Postal Service 'controllable income' rises in second quarter
Despite a continuing drop in first-class mail volume, the United States Postal Service recorded a slight gain in "controllable income" in the second quarter ended March 31.
Postmaster General Megan J. Brennan told reporters May 8 the gains were not strong enough to signal an end to the Postal Service's continuing financial woes.
The USPS still needs congressional help to resolve its long-term financial issues, she said.
For the lastest quarter, the USPS reported controllable income of $313 million compared to $261 million a year ago.
For the six months its controllable income was $1.4 billion, up slightly more than $1 billion from the previous year.
Brennan expressed delight at those numbers, saying they illustrate that the USPS has "cost containment and revenue strategies" that are working.
In response to a question about whether those numbers show that the Postal Service has fully righted its financial ship, she and Joseph Corbett, the Postal Service's chief financial officer, said that the Postal Service remains, as Corbett put it, in a "hole $90 billion deep."
The controllable income figures are derived by subtracting from the Postal Service's income figures that are beyond its control, such as the cost of a congressionally mandated payment of health costs for future postal retirees and workers' compensation claims.
The USPS has been unable to make those payments for several years, which has created a large deficit.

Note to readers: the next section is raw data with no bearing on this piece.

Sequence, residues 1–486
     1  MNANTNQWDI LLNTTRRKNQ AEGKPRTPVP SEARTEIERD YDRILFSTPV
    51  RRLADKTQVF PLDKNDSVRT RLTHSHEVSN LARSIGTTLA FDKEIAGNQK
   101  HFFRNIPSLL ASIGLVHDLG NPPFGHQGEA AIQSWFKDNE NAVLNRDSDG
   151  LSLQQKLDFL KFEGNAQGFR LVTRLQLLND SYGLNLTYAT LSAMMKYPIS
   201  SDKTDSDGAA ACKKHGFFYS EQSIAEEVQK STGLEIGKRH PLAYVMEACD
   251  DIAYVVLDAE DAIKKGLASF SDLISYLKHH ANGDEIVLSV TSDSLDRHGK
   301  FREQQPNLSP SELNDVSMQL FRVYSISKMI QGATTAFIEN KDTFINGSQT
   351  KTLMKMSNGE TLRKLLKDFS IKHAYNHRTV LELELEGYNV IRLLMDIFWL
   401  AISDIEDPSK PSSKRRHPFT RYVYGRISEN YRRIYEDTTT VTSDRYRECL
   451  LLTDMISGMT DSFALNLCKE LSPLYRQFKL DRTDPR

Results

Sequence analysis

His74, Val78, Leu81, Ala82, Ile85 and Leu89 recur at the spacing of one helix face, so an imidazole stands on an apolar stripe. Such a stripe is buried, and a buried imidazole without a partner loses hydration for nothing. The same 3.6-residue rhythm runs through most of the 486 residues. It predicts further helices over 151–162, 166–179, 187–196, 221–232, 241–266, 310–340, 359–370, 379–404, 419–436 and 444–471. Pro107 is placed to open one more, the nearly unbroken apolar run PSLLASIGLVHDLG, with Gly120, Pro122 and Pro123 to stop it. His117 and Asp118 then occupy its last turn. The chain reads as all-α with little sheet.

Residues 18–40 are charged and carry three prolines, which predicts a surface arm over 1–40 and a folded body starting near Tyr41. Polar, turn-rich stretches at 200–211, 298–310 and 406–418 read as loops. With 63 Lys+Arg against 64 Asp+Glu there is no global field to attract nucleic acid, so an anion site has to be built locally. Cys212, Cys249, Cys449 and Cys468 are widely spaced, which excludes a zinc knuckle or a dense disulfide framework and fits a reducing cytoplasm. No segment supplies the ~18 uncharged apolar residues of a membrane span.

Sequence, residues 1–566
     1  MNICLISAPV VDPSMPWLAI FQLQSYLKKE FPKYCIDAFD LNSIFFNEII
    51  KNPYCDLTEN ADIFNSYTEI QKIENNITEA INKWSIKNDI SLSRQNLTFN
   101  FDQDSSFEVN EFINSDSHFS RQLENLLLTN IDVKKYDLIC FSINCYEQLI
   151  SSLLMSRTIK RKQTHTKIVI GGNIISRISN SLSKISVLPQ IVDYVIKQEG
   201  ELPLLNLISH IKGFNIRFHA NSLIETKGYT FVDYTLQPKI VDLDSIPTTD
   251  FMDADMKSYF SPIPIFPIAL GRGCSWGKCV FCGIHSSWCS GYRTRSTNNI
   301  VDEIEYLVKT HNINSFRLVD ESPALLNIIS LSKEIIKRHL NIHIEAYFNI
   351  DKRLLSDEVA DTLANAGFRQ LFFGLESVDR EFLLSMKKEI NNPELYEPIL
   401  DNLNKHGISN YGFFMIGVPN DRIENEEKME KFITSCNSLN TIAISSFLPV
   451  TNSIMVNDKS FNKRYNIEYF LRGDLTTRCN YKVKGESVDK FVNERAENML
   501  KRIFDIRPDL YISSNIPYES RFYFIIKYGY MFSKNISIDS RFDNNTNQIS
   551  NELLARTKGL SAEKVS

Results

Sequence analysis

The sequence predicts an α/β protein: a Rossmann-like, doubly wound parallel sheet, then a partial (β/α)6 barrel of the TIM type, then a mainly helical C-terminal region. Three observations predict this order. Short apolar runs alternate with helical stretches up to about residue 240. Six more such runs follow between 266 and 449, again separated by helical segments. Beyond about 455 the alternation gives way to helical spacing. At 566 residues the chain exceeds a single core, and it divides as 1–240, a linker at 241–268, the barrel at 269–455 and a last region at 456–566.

If those numbers are added to the second quarter, the USPS recorded a $1.5 billion loss, compared to a loss of $1.9 billion in the same period a year ago.
Its six-month loss totaled $2.2 billion, essentially the same amount as recorded in the first half of the last fiscal year.
Brennan cautioned that the USPS is facing "strong headwinds" with the continuing decline of first-class mail volume, and needs stronger revenues to make needed improvements, such as newer delivery vehicles, to the nation's mail system.
She and Corbett both expressed concern that a federal appeals court has yet to rule on the Postal Service's appeal of a proposed end to an emergency rate increase that has boosted USPS revenues significantly.
Fredric Rolando, president of the National Association of Letter Carriers, said the results "show the impressive Postal Service financial turnaround continuing in full force."
He said that $1.4 billion in controllable income is more than the Postal Service reported for all of the past fiscal year.
"Equally encouraging is what produced the operating profit — continuing revenue growth as an improving economy and rising online shipping drive better performance in letter mail and package deliveries," Rolando said.
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